Why do France and Portugal double Spain’s electric car sales?

Why does Spain lag behind in electric car sales

Image of electric car being charged. Credit: buffaloboy/Shutterstock.com

Statistics indicate that Spain is falling behind its European neighbours when it comes to embracing electric cars as a greener alternative to traditional vehicles.

Recent data suggests that while countries like Portugal and France are making significant strides in electric car adoption, Spain is trailing behind, with electrified vehicle market share hovering at just 12 per cent.

Fit for 55

The European Union has set ambitious targets to reduce emissions from all cars sold by 55 per cent by 2030 and eventually eliminate the sale of combustion engine vehicles by 2035, with exceptions for those using synthetic fuels.

To achieve these goals, European governments are leveraging fiscal incentives to encourage the transition to electric vehicles, addressing the price gap between electric and traditional cars.

Portugal’s business-focused approach

Despite having a per capita income 20 per cent lower than Spain, Portugal has emerged as a leader in electric vehicle adoption, nearly tripling its electric vehicle sales compared to Spain.

The key to Portugal’s success lies in its tax incentives for businesses to upgrade their fleets with cleaner vehicles. Buyers are exempt from registration tax and can deduct VAT in their income tax returns, streamlining the economic benefits.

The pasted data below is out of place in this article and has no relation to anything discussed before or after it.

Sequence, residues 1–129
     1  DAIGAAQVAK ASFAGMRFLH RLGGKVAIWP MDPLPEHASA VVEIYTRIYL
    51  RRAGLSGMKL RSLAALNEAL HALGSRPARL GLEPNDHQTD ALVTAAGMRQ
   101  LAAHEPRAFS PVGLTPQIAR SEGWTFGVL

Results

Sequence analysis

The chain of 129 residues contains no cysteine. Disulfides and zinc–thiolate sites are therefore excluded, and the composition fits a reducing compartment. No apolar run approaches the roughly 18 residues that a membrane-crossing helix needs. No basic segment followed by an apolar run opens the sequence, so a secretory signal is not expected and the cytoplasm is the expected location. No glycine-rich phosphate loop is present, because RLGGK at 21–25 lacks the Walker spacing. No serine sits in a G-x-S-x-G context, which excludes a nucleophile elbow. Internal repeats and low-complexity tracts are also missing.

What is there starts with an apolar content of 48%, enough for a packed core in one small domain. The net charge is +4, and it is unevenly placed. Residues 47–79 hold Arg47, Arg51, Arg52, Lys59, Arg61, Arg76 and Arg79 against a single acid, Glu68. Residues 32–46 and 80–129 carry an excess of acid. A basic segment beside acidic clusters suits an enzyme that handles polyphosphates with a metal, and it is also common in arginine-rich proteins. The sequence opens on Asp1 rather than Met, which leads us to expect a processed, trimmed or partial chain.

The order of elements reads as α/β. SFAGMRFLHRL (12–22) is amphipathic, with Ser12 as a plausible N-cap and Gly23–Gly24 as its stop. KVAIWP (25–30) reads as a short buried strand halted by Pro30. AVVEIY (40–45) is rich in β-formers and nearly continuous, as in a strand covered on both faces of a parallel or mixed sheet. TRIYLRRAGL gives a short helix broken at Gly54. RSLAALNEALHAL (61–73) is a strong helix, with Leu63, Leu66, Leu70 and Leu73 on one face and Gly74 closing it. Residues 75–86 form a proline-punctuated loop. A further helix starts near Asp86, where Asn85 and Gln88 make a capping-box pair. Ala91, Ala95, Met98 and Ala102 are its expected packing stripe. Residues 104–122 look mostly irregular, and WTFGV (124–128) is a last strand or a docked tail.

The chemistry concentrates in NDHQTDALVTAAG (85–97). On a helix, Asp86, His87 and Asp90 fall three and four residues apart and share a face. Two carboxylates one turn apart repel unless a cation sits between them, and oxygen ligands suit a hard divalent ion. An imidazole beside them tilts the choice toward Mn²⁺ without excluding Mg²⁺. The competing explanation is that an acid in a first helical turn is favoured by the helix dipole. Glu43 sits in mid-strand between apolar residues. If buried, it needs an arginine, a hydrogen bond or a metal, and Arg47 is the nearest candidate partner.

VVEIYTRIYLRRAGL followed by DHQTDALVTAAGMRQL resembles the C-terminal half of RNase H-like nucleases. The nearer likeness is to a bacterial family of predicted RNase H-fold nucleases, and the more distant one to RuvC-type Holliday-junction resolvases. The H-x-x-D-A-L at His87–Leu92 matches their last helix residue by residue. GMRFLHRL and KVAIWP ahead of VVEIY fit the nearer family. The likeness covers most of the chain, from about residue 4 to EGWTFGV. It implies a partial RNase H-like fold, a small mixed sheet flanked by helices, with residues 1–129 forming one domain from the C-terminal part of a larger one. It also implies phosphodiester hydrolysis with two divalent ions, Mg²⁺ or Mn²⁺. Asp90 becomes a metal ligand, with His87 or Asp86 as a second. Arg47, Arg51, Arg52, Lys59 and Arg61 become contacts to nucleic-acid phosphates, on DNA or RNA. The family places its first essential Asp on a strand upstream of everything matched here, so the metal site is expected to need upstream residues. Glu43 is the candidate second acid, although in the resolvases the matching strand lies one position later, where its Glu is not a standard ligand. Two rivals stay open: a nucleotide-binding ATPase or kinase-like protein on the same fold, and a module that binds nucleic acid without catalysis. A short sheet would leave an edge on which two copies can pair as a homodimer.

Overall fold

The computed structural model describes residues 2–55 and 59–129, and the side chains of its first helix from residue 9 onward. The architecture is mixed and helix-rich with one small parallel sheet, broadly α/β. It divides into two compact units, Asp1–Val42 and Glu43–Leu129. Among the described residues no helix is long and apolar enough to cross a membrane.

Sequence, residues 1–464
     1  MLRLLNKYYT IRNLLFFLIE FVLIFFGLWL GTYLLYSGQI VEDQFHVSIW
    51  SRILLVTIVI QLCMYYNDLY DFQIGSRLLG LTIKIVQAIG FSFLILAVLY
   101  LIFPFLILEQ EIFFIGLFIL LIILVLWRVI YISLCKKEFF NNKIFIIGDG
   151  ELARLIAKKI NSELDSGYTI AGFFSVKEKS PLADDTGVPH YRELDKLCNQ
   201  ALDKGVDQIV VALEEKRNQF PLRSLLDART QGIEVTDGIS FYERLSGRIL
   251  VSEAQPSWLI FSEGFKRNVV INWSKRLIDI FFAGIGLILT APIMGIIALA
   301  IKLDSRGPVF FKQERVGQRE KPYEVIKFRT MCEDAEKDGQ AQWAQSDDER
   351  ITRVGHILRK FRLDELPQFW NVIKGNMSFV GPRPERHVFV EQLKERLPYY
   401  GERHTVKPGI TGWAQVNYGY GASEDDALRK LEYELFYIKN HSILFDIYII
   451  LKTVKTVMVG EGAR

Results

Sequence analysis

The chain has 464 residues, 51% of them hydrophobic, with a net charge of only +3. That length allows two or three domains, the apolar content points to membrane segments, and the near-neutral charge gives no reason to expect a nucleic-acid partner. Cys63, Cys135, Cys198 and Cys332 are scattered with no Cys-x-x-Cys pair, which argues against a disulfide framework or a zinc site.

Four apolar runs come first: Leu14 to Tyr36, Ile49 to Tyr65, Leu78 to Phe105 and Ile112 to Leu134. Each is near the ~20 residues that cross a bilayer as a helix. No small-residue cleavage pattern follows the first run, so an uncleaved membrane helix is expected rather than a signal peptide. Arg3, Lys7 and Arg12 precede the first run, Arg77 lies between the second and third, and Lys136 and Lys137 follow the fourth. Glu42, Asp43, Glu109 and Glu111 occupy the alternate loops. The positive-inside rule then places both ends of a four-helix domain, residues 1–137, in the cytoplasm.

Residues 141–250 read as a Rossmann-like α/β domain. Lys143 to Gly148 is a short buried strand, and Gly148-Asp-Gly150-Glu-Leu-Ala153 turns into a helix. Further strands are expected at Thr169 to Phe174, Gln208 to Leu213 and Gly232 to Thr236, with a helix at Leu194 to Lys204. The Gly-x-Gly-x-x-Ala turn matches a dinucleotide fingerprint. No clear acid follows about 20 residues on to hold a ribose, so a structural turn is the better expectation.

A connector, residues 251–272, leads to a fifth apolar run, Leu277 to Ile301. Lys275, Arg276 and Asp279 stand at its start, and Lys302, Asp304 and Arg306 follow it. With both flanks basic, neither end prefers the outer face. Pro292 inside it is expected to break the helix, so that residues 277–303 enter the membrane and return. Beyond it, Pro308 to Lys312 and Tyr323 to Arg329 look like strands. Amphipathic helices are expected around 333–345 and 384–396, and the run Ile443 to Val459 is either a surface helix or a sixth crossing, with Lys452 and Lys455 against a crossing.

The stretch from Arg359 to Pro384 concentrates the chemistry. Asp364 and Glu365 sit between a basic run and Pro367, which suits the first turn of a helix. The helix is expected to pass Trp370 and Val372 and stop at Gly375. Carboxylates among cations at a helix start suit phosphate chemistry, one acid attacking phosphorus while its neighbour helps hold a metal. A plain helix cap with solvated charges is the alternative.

Furthermore, the bureaucracy surrounding these incentives is less cumbersome, ensuring a smooth process for Portuguese consumers.

France’s focus on European manufacturers

In contrast, France has crafted its electric vehicle policy to support European manufacturers over Chinese ones.

Stricter standards regarding CO2 emissions during manufacturing favour vehicles produced within Europe.

Approximately 65 per cent of the French market is eligible for government incentives, including an eco-friendly bonus ranging from €5,000 to €7,000 for electric cars priced below €47,000.

Additionally, a financial support programme for low-income households opting for electric vehicle rentals was introduced in early 2024, offering subsidies of €100 to €150 per month for three years.

Norway’s electric car success

Norway stands as a remarkable success story in the electric car sector, with over 80 per cent of its vehicles being electric, and Tesla capturing a significant market share.

Norway’s generous tax support, exempting buyers from VAT and registration and environmental taxes, drove this adoption.

However, the government is now grappling with a substantial loss of tax revenue, prompting the introduction of a weight tax for electric car owners to recover some of the funds.

Challenges for Spain’s electric car market

The Spanish electric car market is at a crossroads, lagging behind its European counterparts. To boost electric vehicle adoption and meet EU emissions targets, Spain must consider implementing new fiscal measures.

Such measures would include revamping existing programmes like Moves III, and focusing on rejuvenating the country’s vehicle fleet.

While Spain may be trailing in electric car adoption compared to its European peers like Portugal and France, there are valuable lessons to be learned from their successful approaches.